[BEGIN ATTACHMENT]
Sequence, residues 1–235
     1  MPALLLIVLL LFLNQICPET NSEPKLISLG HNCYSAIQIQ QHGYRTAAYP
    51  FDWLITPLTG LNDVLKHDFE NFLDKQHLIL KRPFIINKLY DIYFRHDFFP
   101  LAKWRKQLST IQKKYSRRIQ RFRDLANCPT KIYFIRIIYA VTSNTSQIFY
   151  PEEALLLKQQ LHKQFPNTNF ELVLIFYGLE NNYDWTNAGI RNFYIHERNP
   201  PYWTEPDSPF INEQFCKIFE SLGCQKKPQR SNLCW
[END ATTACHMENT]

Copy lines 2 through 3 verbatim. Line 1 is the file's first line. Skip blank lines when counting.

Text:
     1  MPALLLIVLL LFLNQICPET NSEPKLISLG HNCYSAIQIQ QHGYRTAAYP
    51  FDWLITPLTG LNDVLKHDFE NFLDKQHLIL KRPFIINKLY DIYFRHDFFP